• Indonesia continues to face other economic development challenges, with poverty and unemployment remaining high. An estimated 29 million Indonesians still live in poverty, which is around 12% of the total Indonesian population. Large numbers of new workers are also entering the workforce each year, with a total of around 15 million new workers expected to join the labour force between 2014 and 2020.The next Indonesian government will therefore face considerable economic challenges in order to generate sufficient jobs growth to create sufficient new employment for youth entering the workforce. The new Indonesian government that takes office after the Presidential elections will therefore inherit an economy that has achieved tremendous economic progress over the last decade under President Yudhoyono, but also faces some tremendous economic development challenges over their next five-year term of office. For Indonesia to maintain a strong growth path, a critical priority for the next government will be to accelerate the pace of microeconomic reforms, with infrastructure development in power generation, ports, roads and airports, as well as improving the business climate for both domestic and foreign manufacturing and service firms, and avoiding protectionist policies that will hamper economic growth. If the next government is able to accelerate the pace of these reforms, it could lift Indonesia’s long-term potential growth rate to above 6.0% per year. Rajiv Biswas Asia-Pacific Chief Economist, IHS rajiv.biswas@ihs.com View slide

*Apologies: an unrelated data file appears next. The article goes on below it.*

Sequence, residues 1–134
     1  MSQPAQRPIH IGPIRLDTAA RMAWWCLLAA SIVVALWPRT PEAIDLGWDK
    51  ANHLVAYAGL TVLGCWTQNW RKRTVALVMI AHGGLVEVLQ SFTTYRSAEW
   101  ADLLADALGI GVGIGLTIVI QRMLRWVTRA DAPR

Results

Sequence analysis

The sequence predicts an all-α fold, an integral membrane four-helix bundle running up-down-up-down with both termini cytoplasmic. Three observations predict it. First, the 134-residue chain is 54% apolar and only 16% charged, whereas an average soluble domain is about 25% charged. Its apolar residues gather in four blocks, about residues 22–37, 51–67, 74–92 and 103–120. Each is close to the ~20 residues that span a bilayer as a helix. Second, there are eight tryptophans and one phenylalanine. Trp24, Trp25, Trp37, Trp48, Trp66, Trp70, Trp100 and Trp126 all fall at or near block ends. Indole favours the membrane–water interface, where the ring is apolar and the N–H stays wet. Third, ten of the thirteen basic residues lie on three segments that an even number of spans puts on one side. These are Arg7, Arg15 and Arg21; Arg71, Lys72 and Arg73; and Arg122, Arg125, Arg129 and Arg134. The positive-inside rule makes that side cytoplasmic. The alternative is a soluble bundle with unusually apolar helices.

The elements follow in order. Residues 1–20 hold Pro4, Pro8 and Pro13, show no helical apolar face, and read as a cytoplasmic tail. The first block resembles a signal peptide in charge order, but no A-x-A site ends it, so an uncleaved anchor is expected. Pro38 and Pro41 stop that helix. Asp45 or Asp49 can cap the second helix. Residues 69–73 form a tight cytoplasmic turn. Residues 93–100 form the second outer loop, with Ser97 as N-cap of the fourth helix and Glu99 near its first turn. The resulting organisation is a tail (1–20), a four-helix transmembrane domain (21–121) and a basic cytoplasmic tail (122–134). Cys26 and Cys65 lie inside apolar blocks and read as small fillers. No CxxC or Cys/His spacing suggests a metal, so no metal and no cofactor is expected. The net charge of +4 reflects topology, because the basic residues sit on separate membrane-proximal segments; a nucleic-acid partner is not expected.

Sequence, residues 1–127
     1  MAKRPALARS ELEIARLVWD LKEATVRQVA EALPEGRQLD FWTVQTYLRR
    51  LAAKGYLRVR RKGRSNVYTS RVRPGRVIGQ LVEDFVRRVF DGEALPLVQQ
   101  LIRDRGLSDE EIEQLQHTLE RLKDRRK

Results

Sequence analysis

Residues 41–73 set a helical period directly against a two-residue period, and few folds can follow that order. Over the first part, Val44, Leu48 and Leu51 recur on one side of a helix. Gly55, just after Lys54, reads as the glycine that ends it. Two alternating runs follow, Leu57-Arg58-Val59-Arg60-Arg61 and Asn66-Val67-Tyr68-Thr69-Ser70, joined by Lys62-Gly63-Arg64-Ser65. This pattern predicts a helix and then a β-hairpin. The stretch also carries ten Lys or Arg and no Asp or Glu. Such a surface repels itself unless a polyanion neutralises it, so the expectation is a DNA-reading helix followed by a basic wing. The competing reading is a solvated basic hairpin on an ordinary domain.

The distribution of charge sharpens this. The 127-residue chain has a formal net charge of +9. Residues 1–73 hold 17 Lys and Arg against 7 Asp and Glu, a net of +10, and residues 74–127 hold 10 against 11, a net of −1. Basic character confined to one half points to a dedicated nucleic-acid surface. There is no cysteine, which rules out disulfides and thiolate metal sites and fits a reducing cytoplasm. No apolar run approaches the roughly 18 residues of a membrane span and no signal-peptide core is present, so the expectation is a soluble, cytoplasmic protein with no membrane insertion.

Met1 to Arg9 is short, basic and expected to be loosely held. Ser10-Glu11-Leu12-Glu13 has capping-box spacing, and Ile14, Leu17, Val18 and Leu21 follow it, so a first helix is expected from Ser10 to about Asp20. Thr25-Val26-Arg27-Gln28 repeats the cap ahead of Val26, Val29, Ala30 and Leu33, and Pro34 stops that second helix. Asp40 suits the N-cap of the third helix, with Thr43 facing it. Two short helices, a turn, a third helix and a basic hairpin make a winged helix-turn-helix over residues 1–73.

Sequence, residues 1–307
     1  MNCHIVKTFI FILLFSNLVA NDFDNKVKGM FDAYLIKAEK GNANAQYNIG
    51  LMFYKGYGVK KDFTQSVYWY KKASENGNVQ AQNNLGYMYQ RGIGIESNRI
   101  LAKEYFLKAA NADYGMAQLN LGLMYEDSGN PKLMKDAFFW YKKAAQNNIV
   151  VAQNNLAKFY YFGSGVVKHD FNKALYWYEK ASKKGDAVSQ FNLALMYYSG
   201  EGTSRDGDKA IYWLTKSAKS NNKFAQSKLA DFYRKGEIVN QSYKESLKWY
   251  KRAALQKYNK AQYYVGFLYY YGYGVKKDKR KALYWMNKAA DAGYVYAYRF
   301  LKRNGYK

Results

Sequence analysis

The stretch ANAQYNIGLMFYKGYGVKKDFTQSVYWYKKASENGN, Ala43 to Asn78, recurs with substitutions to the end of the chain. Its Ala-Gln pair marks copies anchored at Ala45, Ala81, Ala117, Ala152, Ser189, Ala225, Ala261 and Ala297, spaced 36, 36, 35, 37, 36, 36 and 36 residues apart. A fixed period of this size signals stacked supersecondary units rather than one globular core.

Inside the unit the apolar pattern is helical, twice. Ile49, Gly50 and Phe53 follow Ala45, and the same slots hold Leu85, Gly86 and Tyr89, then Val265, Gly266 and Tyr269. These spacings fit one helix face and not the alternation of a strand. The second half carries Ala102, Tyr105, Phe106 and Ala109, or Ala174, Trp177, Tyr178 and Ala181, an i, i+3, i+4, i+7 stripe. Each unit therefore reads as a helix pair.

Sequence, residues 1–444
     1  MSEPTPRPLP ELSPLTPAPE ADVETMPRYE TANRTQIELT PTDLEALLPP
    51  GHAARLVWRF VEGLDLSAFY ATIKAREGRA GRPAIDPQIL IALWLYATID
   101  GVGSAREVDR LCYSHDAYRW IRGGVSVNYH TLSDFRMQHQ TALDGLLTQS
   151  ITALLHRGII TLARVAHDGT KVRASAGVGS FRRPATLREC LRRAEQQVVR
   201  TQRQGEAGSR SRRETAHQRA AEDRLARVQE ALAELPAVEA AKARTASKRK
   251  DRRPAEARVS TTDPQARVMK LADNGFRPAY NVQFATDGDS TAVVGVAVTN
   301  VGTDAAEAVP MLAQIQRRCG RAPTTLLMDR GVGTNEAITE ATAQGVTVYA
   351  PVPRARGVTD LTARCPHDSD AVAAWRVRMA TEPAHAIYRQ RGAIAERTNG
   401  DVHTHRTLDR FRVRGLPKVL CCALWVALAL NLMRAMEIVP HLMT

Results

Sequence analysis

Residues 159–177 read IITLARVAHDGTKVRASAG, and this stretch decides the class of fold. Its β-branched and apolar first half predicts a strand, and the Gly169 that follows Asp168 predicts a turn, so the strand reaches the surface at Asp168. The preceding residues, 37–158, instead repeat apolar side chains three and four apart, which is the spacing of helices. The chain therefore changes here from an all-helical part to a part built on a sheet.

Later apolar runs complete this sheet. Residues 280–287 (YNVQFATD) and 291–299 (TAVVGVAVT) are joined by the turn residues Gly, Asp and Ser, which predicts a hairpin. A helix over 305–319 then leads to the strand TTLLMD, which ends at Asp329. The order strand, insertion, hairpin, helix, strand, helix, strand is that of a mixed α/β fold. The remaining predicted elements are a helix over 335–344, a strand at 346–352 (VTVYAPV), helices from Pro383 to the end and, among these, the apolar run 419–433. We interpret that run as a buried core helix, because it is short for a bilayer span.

• Danny Cheung Asia Pacific Director Corporate Communications 8 Marina View #12-01 | Asia Square Tower 1 | Singapore Phone: +65 6439 6192 | Mobile: +65 9171 3200 Danny.Cheung@ihs.com This email message is for the sole use of the intended recipient(s) and may contain confidential and privileged information. Any unauthorized review, use, disclosure or distribution is prohibited. If you are not the intended recipient, please contact the sender by reply e-mail and destroy all copies of the original message. Thank you.  Please consider the environment before printing this e-mail.